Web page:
Then the noble Lord said that if the assessment was to be imposed at all, it should be a full one; that it should either be a full one or none at all. In answer to that, I would point out that it is a very common thing for docks to be rated at half the total value. There are a great many cases in various parts of the country. The next reason the noble Lord gave was that no appeal had been allowed. I would remind the House that the ordinary procedure has been followed in this case. Under the Act which regulates these matters an opportunity of asking that the matter shall be referred to a Joint Committee of both Houses is given in the House in which the matter originates, and that in this case was the other House of Parliament. Such a Motion was made in the other House, and was, after a very full. discussion, defeated by a large majority. So that I do not think it can be said that the procedure has not been followed to the letter in this case.

This matter raises the question of this particular procedure in relation to Scottish Bills. I speak with great deference on that subject in the presence of the noble Lord who was the father of that measure; but I see that when the Glasgow Corporation Police Order was under discussion in this House in 1901 the noble Lord said that if continual appeals were made the object of that Act would be defeated. The noble Lord pointed out that the Act was passed with the object of reducing expense, and that if continual appeals were granted these matters would be made very much more expensive than they were before. I therefore ask the House not to agree to the Amendment of the noble Lord.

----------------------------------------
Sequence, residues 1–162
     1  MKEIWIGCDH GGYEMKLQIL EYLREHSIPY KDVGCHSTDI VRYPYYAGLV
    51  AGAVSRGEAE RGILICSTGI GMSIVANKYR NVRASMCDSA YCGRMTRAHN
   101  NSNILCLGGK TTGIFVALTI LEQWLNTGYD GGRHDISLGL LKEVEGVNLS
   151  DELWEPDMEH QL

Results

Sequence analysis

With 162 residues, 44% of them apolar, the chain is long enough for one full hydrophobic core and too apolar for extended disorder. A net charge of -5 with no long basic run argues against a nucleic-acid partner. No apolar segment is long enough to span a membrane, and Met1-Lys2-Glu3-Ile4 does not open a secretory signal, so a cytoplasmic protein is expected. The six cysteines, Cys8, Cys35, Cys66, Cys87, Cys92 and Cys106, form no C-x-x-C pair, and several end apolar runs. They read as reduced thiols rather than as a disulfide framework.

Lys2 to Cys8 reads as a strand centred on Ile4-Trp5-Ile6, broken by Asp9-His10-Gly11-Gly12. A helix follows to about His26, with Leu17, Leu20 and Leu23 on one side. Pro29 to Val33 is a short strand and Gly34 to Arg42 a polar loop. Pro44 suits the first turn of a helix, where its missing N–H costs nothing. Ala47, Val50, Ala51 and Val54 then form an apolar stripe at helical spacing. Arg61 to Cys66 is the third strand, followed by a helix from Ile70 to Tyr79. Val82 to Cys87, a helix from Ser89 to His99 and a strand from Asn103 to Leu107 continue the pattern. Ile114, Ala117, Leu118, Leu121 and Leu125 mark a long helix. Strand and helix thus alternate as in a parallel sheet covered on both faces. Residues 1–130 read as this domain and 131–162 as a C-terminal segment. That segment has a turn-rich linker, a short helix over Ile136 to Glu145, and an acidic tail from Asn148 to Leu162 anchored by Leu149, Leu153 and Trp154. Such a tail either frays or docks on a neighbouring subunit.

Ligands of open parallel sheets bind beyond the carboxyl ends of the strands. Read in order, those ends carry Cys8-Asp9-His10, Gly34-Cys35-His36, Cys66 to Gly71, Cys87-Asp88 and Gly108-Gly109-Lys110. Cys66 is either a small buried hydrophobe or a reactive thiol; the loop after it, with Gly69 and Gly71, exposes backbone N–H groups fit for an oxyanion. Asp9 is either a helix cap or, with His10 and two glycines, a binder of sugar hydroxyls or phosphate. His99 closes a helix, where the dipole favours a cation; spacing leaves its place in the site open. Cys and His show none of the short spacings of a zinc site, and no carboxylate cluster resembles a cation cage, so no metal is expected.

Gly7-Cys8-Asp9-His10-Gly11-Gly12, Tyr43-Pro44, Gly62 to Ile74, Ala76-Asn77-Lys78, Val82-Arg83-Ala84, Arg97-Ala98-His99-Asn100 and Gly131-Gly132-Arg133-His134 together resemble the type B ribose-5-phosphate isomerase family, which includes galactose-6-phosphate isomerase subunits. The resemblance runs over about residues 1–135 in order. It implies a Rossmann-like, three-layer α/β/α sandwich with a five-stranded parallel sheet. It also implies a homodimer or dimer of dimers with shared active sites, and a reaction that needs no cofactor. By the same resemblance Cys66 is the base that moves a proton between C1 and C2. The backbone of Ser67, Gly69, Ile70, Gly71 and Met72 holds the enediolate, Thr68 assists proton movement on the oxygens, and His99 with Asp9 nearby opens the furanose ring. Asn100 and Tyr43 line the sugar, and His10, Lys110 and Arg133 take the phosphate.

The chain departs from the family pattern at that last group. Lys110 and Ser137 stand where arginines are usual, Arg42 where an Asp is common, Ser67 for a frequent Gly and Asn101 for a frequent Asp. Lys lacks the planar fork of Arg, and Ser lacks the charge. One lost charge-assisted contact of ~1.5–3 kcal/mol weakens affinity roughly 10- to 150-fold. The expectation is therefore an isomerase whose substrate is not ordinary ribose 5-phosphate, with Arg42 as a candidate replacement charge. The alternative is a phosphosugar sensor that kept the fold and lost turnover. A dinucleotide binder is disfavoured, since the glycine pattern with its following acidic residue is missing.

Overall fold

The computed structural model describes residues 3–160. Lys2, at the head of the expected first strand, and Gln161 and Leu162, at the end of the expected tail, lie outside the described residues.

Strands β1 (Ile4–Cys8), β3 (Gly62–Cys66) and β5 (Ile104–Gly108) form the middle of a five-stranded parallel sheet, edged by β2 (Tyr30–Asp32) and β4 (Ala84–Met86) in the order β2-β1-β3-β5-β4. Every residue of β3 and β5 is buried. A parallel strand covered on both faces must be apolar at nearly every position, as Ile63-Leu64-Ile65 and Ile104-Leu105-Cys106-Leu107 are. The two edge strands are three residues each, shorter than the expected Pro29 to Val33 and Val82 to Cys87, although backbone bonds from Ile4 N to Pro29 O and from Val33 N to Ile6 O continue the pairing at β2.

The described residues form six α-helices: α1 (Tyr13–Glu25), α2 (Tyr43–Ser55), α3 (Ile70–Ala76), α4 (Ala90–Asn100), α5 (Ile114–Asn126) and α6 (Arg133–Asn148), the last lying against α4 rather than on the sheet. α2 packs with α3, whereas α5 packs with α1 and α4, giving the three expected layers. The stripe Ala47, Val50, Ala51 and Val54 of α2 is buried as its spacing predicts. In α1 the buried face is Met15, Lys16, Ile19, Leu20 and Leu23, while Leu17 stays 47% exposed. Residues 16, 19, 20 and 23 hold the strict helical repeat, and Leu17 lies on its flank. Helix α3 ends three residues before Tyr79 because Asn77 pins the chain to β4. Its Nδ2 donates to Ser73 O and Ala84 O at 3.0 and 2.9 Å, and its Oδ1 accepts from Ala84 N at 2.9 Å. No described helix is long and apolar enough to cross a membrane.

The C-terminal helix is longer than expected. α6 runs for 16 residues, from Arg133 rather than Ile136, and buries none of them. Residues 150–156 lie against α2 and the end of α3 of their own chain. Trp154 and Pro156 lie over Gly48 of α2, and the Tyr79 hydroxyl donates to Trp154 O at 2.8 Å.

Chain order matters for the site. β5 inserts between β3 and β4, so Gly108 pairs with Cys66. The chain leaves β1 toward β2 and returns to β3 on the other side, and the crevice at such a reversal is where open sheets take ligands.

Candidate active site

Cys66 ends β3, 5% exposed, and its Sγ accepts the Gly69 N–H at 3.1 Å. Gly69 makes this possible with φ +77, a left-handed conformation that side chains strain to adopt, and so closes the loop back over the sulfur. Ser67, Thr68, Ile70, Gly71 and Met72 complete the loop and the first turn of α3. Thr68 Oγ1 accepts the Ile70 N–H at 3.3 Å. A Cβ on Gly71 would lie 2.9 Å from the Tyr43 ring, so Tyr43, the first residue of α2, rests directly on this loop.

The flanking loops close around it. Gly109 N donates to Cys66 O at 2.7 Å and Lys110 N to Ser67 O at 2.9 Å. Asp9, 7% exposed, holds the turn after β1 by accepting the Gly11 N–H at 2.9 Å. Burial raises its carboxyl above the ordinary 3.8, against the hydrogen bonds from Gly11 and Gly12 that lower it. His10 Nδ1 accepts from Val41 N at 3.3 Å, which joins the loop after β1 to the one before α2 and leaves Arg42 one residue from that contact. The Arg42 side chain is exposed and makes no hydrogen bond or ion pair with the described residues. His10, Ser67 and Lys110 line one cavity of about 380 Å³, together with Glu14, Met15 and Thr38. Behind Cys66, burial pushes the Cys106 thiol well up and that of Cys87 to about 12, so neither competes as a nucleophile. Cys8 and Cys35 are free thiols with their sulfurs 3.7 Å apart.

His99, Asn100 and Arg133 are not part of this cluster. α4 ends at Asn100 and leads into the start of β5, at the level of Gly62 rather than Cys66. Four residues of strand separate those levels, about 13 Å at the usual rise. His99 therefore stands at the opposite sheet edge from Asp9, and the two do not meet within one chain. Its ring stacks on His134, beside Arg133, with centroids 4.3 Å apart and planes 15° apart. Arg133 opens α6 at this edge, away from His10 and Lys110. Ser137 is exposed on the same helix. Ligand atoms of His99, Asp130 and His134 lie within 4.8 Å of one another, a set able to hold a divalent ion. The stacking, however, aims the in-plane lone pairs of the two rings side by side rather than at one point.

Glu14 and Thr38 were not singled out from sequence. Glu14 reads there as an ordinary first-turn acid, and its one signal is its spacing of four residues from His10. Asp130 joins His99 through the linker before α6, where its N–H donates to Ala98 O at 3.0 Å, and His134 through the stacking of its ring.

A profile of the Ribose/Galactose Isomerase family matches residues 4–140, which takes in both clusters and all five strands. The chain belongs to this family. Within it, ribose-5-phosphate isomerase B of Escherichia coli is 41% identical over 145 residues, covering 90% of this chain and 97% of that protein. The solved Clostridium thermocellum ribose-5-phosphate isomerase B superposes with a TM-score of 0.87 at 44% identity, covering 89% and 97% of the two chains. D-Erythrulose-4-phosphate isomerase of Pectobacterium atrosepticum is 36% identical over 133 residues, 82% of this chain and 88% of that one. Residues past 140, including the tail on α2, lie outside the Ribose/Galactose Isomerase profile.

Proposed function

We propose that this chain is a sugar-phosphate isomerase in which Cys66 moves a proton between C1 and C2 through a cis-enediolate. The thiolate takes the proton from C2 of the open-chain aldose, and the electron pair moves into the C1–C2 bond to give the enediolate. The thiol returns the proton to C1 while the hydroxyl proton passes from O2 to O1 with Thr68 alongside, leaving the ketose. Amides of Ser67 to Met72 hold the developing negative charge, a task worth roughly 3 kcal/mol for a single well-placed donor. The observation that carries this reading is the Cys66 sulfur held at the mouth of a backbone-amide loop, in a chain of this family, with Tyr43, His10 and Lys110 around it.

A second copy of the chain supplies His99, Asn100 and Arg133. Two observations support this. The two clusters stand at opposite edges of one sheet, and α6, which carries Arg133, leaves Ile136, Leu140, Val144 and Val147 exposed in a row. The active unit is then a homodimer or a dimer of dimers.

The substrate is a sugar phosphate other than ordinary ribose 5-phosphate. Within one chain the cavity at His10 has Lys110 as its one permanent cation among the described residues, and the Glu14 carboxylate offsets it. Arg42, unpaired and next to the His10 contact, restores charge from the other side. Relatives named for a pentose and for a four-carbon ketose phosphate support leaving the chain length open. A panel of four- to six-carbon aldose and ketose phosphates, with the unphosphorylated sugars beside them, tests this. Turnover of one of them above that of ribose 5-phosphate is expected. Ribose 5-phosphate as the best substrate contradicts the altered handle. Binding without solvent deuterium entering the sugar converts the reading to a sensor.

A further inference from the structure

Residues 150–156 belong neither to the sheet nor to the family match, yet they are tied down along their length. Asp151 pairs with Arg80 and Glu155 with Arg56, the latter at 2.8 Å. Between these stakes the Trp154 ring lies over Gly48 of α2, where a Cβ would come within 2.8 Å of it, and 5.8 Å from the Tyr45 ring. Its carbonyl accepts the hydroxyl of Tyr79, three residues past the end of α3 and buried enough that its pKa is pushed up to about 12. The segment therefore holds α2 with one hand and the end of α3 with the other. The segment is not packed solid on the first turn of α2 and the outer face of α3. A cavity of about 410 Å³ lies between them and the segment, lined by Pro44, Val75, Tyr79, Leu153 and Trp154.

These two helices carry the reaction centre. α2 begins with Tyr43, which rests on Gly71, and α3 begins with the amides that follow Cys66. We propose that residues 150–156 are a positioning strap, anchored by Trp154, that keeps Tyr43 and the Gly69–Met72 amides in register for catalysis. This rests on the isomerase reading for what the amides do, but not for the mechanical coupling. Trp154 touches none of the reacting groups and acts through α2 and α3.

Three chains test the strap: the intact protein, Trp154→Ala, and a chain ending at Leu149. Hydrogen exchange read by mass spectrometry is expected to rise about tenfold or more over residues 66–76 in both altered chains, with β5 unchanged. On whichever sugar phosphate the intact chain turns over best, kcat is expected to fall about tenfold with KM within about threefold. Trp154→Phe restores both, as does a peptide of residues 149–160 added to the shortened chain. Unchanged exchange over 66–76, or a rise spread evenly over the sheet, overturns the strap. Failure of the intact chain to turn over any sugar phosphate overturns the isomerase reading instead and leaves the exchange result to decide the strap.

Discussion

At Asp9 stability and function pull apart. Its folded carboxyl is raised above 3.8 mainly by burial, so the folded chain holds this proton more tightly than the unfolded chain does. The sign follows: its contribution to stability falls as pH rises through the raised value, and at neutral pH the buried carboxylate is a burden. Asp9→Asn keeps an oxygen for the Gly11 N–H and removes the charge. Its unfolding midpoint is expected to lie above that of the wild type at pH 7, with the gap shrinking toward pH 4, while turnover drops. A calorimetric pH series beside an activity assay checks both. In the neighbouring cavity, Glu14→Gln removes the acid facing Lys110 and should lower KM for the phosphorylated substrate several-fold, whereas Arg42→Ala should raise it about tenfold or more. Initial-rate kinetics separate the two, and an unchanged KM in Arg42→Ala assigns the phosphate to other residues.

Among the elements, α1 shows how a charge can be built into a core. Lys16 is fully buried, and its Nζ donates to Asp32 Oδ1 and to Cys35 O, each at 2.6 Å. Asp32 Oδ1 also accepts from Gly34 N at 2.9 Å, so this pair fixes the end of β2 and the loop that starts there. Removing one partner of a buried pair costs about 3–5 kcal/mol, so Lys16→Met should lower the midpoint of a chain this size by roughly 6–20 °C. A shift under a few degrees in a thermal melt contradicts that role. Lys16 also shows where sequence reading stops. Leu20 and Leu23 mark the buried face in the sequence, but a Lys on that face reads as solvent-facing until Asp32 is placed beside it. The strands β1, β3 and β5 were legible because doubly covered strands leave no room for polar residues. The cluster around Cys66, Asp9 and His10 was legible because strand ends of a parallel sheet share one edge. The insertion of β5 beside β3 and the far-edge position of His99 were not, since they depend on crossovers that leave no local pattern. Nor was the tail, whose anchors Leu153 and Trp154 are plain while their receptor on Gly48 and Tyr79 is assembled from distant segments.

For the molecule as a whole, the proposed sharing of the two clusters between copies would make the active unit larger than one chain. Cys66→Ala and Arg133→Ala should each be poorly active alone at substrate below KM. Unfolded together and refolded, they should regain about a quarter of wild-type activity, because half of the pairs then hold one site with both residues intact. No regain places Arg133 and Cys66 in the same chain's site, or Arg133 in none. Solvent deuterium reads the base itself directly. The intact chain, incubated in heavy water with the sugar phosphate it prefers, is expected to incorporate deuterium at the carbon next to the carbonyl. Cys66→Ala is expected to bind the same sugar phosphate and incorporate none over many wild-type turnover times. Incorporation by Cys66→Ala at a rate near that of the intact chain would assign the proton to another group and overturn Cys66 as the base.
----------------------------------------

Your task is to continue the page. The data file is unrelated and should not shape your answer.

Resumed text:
My Lords, I venture to suggest to the House that if we do not take care we shall drift into rather a difficult position in regard to this matter. We have had two speeches considerably directed towards the merits of the particular Bill before us. Perhaps under the circumstances that was unavoidable, but in my opinion it is very unfortunate. I do not think there can be a worse result of any procedure than that there should be discussions on the merits of private Bills in the House as a whole. The facts before us, which are without dispute, are that certain very material interests are involved in this question, and that the decision upon one of those was arrived at by the casting vote of the Chairman. That fact was announced by the Chairman himself at the moment he gave the decision. I suggest that under these circumstances it would have been very much better if every effort had been taken to procure a re-hearing under the machinery of the Act under which this inquiry was held.

The noble Lord in charge of the Bill says that the ordinary procedure has been followed; but the ordinary procedure has been varied in recent years. Under the machinery of the Act it is only the House of origination which can order the new inquiry, but the obvious intention of the Act was that, the question should be decided ministerially as to which House should be the House of origination. The difficulty in which we are placed is the same as that in which we were placed last year. Last year, in the case of another Order, a decision was given which it became perfectly patent was contrary to -justice, and under pressure from this House a compromise was arrived at between the parties. The suggestion I make now is that this debate should be adjourned for the purpose of seeing whether some compromise in the matter cannot still be arranged. The parties on both sides must know the merits and where the truth between them lies. Here we cannot judge upon ex parie statements from one side or the other, made in however good faith The only manner in which these things can be tested is on oath before a Committee upstairs. That we are precluded from in this case.